Here are some arrangements of circles. How many circles would I need to make the next size up for each? Can you create your own arrangement and investigate the number of circles it needs?

Watch this film carefully. Can you find a general rule for explaining when the dot will be this same distance from the horizontal axis?

These squares have been made from Cuisenaire rods. Can you describe the pattern? What would the next square look like?

Take a counter and surround it by a ring of other counters that MUST touch two others. How many are needed?

In each of the pictures the invitation is for you to: Count what you see. Identify how you think the pattern would continue.

Can you see why 2 by 2 could be 5? Can you predict what 2 by 10 will be?

Nim-7 game for an adult and child. Who will be the one to take the last counter?

Can you dissect an equilateral triangle into 6 smaller ones? What number of smaller equilateral triangles is it NOT possible to dissect a larger equilateral triangle into?

Think of a number, square it and subtract your starting number. Is the number you’re left with odd or even? How do the images help to explain this?

Only one side of a two-slice toaster is working. What is the quickest way to toast both sides of three slices of bread?

How many ways can you find to do up all four buttons on my coat? How about if I had five buttons? Six ...?

Place the numbers from 1 to 9 in the squares below so that the difference between joined squares is odd. How many different ways can you do this?

This challenge focuses on finding the sum and difference of pairs of two-digit numbers.

Use the interactivity to investigate what kinds of triangles can be drawn on peg boards with different numbers of pegs.

Delight your friends with this cunning trick! Can you explain how it works?

Find out what a "fault-free" rectangle is and try to make some of your own.

Find the sum and difference between a pair of two-digit numbers. Now find the sum and difference between the sum and difference! What happens?

How can you arrange these 10 matches in four piles so that when you move one match from three of the piles into the fourth, you end up with the same arrangement?

For this challenge, you'll need to play Got It! Can you explain the strategy for winning this game with any target?

Try entering different sets of numbers in the number pyramids. How does the total at the top change?

Find a route from the outside to the inside of this square, stepping on as many tiles as possible.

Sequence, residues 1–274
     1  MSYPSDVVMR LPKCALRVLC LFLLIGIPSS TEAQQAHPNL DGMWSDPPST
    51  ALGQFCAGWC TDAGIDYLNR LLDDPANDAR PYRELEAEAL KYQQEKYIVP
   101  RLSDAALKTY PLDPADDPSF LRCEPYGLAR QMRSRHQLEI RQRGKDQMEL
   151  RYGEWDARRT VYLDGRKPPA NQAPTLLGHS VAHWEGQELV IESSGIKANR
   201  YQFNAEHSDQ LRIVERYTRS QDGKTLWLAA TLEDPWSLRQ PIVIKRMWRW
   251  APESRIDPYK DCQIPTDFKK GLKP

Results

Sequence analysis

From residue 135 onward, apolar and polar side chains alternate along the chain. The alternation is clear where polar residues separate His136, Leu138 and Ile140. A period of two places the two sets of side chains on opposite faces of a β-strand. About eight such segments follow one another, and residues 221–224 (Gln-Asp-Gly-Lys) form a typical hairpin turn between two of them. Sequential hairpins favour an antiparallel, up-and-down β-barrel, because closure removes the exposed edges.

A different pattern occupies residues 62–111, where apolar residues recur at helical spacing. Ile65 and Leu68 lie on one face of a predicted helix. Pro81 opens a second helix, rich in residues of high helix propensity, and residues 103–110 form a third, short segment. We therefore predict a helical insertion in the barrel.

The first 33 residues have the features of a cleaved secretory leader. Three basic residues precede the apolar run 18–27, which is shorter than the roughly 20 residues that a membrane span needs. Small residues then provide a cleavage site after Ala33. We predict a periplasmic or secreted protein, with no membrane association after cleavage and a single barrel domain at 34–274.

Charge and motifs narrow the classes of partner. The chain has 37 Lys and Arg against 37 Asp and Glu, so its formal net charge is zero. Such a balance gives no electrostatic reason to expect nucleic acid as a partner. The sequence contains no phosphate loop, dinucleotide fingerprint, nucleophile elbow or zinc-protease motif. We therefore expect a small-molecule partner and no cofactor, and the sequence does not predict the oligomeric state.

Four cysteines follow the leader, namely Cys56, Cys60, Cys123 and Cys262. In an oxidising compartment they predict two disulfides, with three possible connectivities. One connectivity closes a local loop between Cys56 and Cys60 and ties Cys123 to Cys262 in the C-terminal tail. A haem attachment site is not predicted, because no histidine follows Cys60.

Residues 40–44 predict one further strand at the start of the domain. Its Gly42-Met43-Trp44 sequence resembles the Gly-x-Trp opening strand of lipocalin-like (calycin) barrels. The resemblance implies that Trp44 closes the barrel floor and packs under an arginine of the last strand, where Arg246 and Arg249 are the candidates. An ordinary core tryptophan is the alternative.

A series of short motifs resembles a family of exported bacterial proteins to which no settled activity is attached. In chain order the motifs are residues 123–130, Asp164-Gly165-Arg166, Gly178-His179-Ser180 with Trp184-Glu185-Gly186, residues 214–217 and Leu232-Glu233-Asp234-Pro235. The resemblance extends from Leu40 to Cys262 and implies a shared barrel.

This challenge, written for the Young Mathematicians' Award, invites you to explore 'centred squares'.

This task follows on from Build it Up and takes the ideas into three dimensions!

Got It game for an adult and child. How can you play so that you know you will always win?

Here are two kinds of spirals for you to explore. What do you notice?

In this problem we are looking at sets of parallel sticks that cross each other. What is the least number of crossings you can make? And the greatest?

In a Magic Square all the rows, columns and diagonals add to the 'Magic Constant'. How would you change the magic constant of this square?

A game for two people, or play online. Given a target number, say 23, and a range of numbers to choose from, say 1-4, players take it in turns to add to the running total to hit their target.

Can you find all the ways to get 15 at the top of this triangle of numbers?

Polygonal numbers are those that are arranged in shapes as they enlarge. Explore the polygonal numbers drawn here.

While we were sorting some papers we found 3 strange sheets which seemed to come from small books but there were page numbers at the foot of each page. Did the pages come from the same book?

In this game for two players, the idea is to take it in turns to choose 1, 3, 5 or 7. The winner is the first to make the total 37.

An investigation that gives you the opportunity to make and justify predictions.

Sweets are given out to party-goers in a particular way. Investigate the total number of sweets received by people sitting in different positions.

Investigate the sum of the numbers on the top and bottom faces of a line of three dice. What do you notice?

Use your addition and subtraction skills, combined with some strategic thinking, to beat your partner at this game.

The aim of the game is to slide the green square from the top right hand corner to the bottom left hand corner in the least number of moves.

This activity involves rounding four-digit numbers to the nearest thousand.

One block is needed to make an up-and-down staircase, with one step up and one step down. How many blocks would be needed to build an up-and-down staircase with 5 steps up and 5 steps down?

Triangle numbers can be represented by a triangular array of squares. What do you notice about the sum of identical triangle numbers?

Tom and Ben visited Numberland. Use the maps to work out the number of points each of their routes scores.

This article for teachers describes several games, found on the site, all of which have a related structure that can be used to develop the skills of strategic planning.

Four bags contain a large number of 1s, 3s, 5s and 7s. Pick any ten numbers from the bags above so that their total is 37.

Strike it Out game for an adult and child. Can you stop your partner from being able to go?

Try adding together the dates of all the days in one week. Now multiply the first date by 7 and add 21. Can you explain what happens?

What would be the smallest number of moves needed to move a Knight from a chess set from one corner to the opposite corner of a 99 by 99 square board?

The NRICH team are always looking for new ways to engage teachers and pupils in problem solving. Here we explain the thinking behind maths trails.

Can you work out how to win this game of Nim? Does it matter if you go first or second?

This challenge encourages you to explore dividing a three-digit number by a single-digit number.